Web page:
Jean Briggs

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Jean L. Briggs (May 28, 1929 – July 27, 2016) was an American-born anthropologist, ethnographer, linguist, and professor emerita at Memorial University of Newfoundland. Her best known works included the 1970 landmark book, Never in Anger: Portrait of an Eskimo Family, based on 18 months of research and field work in Inuit communities on the Arctic coast during the 1960s.[1][2] Never in Anger: Portrait of an Eskimo Family, which documents Inuit language, culture and practices, remains a landmark publication in the fields of ethnography and Arctic studies to this day.[1][2] In 2015, Briggs helped to complete and publish a dictionary of Utkuhiksalingmiut Inuktitut, also called Utkuhiksalik, which preserves 34,000 words and contributes to the preservation of the Utku language.[1][2]

Most of her fieldwork and research focused on the Canadian Inuit, but she also visited communities of Alaskan Inupiat and Siberian Yupik as well.[2]

Biography[edit]

Briggs was born in Washington D.C. on May 28, 1929, the eldest of four children of Margaret (née Worcester) and Horace W. Briggs, member of the clergy of The New Church, also known as Swedenborgianism.[1] She was raised in the state of Maine and Newton, Massachusetts.[2] Jean Briggs received her bachelor's degree from Vassar College in 1951.[1] She then completed a master's degree from Boston University in 1960 and her Ph.D. from Harvard University in 1967.[1][3]

In 1967, Briggs moved to the Canadian province of Newfoundland and Labrador and joined the Department of Anthropology at Memorial University in St. John's, where she taught for 47 years.[1][2] She was a student of Cora Du Bois, an American cultural and psychiatric anthropologist.[2]

In 1970, she published her best known book, Never in Anger: Portrait of an Eskimo Family, based on research conducted while living with an Inuit family along the Chantrey Inlet for 18-months during the 1960s.[1] She documents the culture, language and practices of the family and the surrounding community in the book, which remains a landmark publication in the fields of ethnography and anthropology.[1][2] By her own account, Briggs knew very few Inuit words when she arrived to conduct her research, "When I arrived in Chantrey Inlet in 1963, I knew only six words of Inuktitut: 'yes,' 'no,' ‘I don’t know,’ ‘have some tea,’ 'have some more tea' and 'thank you'."[2]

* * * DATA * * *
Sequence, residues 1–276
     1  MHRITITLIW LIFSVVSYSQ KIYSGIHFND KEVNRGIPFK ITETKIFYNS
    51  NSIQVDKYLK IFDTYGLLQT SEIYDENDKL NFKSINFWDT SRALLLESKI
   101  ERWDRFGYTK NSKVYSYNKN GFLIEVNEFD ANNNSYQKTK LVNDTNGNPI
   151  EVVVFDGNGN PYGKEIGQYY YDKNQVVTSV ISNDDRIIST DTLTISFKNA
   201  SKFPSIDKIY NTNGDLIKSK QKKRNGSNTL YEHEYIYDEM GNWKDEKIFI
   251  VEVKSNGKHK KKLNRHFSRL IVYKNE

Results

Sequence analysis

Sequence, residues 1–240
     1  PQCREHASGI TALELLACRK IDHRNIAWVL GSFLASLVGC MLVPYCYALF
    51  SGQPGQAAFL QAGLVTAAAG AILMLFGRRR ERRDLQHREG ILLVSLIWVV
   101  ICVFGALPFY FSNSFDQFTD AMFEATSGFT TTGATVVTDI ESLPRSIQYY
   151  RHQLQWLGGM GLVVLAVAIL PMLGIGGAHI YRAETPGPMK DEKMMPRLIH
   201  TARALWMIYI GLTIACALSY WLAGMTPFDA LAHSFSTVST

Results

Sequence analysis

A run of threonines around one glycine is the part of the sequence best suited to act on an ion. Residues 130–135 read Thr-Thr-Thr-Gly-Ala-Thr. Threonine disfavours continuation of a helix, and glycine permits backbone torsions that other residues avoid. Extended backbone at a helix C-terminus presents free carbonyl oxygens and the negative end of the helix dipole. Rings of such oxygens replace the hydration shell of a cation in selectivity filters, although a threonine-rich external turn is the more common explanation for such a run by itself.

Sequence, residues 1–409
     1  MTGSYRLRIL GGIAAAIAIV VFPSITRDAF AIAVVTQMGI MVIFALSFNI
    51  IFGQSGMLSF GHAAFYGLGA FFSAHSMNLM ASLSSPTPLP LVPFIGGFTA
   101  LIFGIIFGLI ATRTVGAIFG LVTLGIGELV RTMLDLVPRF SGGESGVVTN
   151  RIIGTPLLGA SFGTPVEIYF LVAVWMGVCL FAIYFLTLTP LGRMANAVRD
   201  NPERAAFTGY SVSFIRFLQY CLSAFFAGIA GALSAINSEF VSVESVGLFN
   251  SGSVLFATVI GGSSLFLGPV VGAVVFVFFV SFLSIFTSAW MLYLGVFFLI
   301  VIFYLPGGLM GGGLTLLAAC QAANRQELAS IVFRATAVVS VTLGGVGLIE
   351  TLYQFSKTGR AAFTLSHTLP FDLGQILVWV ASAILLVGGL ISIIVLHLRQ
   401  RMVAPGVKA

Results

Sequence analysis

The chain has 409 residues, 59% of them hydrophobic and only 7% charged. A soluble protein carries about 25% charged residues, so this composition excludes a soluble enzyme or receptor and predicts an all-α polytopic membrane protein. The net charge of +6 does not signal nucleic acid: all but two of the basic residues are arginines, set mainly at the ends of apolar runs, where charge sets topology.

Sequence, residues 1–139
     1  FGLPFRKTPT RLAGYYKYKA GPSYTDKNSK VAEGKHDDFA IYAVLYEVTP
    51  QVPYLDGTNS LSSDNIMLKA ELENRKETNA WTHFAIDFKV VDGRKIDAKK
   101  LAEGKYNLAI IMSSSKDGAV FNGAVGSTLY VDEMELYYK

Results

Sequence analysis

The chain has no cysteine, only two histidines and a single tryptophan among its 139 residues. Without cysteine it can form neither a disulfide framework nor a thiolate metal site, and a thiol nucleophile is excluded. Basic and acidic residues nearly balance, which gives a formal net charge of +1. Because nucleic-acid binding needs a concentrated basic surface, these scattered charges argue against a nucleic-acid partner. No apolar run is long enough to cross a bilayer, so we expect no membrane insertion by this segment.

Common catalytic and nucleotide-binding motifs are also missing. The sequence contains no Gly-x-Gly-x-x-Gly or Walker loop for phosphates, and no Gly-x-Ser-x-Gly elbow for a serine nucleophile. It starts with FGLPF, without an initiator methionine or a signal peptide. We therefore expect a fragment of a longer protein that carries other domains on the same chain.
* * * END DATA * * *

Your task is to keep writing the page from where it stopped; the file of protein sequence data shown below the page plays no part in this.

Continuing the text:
In 1988, Briggs published a second book, Inuit Morality Play: The Emotional Education of a Three-Year-Old. Her book won two awards, the Boyer Prize from the Society for Psychoanalytic Anthropology and the Victor Turner Prize from the Society for Humanistic Anthropology.[1][3]

Jean Briggs compiled a landmark, bilingual Utkuhiksalingmiut Inuktitut dictionary, which was published in 2015.[1][2] Briggs had begun compiling Utkuhiksalingmiut Inuktitut words in 1970, ultimately gathering and preserving 34,000 words in the dictionary.[2] Prior to its 2015 publication, no dictionary had ever documented the Utkuhiksalingmiut Inuktitut dialect.[1][3][2] Several researches and colleagues from Memorial University and the University of Toronto joined her to create the dictionary, utilizing five grants from the Social Sciences and Humanities Research Council (SSHRC).[2]

Briggs won the Lifetime Achievement Award from the Society for Psychological Anthropology, as well as an honorary doctorate from the University of Bergen in Norway.[2] She was also a Royal Society of Canada fellow.[1]

Jean Briggs died from congestive heart failure on July 27, 2016, at the age of 87.[1][2]

References[edit]

  1. ^ a b c d e f g h i j k l m n Gushue, Lisa (2016-07-29). "Eminent anthropologist Jean Briggs, Inuit language expert, dead at 87". CBC News. Retrieved 2016-08-21.
  2. ^ a b c d e f g h i j k l m n o Sullivan, Joan (2016-08-12). "Anthropologist Jean L. Briggs' books on Inuit became classics". The Globe and Mail. Retrieved 2016-08-21.
  3. ^ a b c "Faculty and Instructors: Jean Briggs". Department of Anthropology at Memorial University of Newfoundland. Retrieved 2016-08-21.